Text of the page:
Proteasome inhibition by lipofuscin/ceroid during postmitotic aging of fibroblasts

N Sitte, M Huber, T Grune, A Ladhoff, W D Doecke, T Von Zglinicki, K J Davies
FASEB Journal: Official Publication of the Federation of American Societies for Experimental Biology 2000, 14 (11): 1490-8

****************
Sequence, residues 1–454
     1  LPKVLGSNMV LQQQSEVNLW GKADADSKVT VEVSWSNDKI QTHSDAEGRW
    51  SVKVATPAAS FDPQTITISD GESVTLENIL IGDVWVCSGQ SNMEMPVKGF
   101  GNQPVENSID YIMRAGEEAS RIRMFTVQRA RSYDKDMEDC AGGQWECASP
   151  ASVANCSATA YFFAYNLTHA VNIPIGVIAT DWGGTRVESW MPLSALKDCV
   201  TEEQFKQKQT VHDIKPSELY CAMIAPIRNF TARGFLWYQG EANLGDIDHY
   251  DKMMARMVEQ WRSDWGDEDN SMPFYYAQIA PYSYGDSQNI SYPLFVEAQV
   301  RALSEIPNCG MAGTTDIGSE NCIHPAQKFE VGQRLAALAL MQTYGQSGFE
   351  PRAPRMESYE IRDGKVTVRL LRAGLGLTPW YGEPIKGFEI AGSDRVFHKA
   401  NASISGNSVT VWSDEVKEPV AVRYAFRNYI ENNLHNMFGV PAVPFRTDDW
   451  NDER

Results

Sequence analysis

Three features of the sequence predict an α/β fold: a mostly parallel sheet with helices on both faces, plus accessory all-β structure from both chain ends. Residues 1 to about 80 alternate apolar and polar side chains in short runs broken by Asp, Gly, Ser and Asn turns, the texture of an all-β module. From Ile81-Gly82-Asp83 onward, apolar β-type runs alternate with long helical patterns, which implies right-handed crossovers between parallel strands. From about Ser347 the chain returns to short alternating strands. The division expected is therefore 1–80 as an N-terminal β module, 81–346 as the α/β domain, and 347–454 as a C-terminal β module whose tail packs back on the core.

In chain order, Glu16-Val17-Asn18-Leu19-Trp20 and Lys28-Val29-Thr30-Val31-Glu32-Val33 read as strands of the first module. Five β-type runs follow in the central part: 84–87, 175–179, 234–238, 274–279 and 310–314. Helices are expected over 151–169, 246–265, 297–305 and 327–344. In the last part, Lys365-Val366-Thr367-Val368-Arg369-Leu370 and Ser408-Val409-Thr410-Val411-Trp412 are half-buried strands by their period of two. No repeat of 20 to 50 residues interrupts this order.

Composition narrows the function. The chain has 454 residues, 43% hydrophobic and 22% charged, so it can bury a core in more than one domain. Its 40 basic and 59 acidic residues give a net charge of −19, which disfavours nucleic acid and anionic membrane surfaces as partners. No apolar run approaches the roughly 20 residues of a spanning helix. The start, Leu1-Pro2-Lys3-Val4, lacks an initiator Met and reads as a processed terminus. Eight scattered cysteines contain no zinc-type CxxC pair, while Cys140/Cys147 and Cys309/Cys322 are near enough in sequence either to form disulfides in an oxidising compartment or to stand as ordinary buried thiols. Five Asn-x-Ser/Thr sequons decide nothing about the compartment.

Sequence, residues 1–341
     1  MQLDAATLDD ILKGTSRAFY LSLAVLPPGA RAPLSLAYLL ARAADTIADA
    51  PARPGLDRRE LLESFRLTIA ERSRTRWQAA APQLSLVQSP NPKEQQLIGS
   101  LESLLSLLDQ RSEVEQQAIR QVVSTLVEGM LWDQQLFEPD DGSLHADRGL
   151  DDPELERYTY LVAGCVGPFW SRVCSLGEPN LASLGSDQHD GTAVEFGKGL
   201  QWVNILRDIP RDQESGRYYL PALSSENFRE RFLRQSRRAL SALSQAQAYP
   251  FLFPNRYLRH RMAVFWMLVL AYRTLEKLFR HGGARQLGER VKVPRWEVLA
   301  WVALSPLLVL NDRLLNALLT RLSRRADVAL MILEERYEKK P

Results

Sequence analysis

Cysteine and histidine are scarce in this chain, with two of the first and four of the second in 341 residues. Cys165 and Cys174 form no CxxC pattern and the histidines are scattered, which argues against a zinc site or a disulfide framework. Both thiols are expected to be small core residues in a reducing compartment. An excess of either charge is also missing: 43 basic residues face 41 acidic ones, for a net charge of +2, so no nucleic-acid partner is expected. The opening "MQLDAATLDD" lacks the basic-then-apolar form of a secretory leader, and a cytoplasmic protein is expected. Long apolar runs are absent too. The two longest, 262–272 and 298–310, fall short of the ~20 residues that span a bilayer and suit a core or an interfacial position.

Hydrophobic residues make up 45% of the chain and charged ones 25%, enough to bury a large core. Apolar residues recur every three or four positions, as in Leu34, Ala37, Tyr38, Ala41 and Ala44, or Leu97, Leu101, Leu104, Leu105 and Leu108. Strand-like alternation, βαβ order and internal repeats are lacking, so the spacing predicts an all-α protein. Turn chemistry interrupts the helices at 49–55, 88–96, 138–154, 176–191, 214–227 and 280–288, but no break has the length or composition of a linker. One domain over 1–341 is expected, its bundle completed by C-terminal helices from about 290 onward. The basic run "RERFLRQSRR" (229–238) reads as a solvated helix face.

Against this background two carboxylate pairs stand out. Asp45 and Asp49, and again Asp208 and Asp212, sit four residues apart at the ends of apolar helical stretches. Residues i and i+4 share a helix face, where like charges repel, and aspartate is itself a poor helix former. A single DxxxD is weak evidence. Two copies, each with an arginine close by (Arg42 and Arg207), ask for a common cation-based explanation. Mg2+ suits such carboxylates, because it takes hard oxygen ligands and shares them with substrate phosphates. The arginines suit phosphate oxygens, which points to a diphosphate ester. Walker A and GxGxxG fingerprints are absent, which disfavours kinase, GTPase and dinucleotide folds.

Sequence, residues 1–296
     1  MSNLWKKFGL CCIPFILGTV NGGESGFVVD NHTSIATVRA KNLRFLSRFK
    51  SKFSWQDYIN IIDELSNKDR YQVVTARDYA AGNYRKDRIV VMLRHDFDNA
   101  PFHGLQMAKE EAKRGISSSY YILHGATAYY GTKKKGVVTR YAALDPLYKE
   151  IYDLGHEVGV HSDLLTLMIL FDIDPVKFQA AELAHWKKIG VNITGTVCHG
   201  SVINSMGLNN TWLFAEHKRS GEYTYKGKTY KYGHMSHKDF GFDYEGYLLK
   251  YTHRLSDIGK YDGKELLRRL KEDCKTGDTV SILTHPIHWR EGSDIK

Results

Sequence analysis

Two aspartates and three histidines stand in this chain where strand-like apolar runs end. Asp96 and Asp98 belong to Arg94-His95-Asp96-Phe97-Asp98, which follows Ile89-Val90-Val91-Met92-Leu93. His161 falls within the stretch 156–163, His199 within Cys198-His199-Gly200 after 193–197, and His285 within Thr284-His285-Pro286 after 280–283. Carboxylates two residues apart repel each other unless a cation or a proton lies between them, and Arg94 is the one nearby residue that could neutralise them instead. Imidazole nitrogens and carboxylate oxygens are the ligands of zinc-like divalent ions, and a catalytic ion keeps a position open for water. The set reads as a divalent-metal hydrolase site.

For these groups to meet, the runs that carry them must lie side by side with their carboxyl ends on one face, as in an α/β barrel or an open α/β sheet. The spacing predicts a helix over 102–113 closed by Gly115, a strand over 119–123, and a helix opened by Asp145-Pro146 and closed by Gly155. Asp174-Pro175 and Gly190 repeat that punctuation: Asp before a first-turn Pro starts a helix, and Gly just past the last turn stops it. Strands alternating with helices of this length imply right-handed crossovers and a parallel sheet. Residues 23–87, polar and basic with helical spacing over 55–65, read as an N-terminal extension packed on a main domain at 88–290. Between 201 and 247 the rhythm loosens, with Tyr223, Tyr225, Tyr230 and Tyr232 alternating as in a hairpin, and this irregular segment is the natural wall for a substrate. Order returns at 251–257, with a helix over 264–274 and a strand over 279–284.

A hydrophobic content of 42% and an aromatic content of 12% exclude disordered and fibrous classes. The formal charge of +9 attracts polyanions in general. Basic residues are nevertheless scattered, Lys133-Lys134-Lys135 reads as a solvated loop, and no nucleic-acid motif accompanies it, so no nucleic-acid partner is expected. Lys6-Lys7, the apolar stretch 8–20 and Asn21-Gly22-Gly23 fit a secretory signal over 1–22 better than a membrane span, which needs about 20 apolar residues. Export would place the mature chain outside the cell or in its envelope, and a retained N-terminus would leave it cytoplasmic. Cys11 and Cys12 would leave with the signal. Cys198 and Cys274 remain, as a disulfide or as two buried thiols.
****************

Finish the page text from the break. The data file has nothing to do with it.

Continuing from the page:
We have studied the effects of hyperoxia and of cell loading with artificial lipofuscin or ceroid pigment on the postmitotic aging of human lung fibroblast cell cultures. Normobaric hyperoxia (40% oxygen) caused an irreversible senescence-like growth arrest after about 4 wk and shortened postmitotic life span from 1-1/2 years down to 3 months. During the first 8 wk of hyperoxia-induced 'aging', overall protein degradation (breakdown of [(35)S]methionine metabolically radiolabeled cell proteins) increased somewhat, but by 12 wk and thereafter overall proteolysis was significantly depressed. In contrast, protein synthesis rates were unaffected by 12 wk of hyperoxia. Lysosomal cathepsin-specific activity (using the fluorogenic substrate z-FR-MCA) and cytoplasmic proteasome-specific activity (measured with suc-LLVY-MCA) both declined by 80% or more over 12 wk. Hyperoxia also caused a remarkable increase in lipofuscin/ceroid formation and accumulation over 12 wk, as judged by both fluorescence measurements and FACscan methods. To test whether the association between lipofuscin/ceroid accumulation and decreased proteolysis might be causal, we next exposed cells to lipofuscin/ceroid loading under normoxic conditions. Lipofuscin/ceroid-loaded cells indeed exhibited a gradual decrease in overall protein degradation over 4 wk of treatment, whereas protein synthesis was unaffected. Proteasome specific activity decreased by 25% over this period, which is important since proteasome is normally responsible for degrading oxidized cell proteins. In contrast, an apparent increase in lysosomal cathepsin activity was actually caused by a large increase in the number of lysosomes per cell. To test whether lipofuscin/ceroid could in fact directly inhibit proteasome activity, thus causing oxidized proteins to accumulate, we incubated purified proteasome with lipofuscin/ceroid preparations in vitro. We found that proteasome is directly inhibited by lipofuscin/ceroid. Our results indicate that an accumulation of oxidized proteins (and lipids) such as lipofuscin/ceroid may actually cause further increases in damage accumulation during aging by inhibiting the proteasome.


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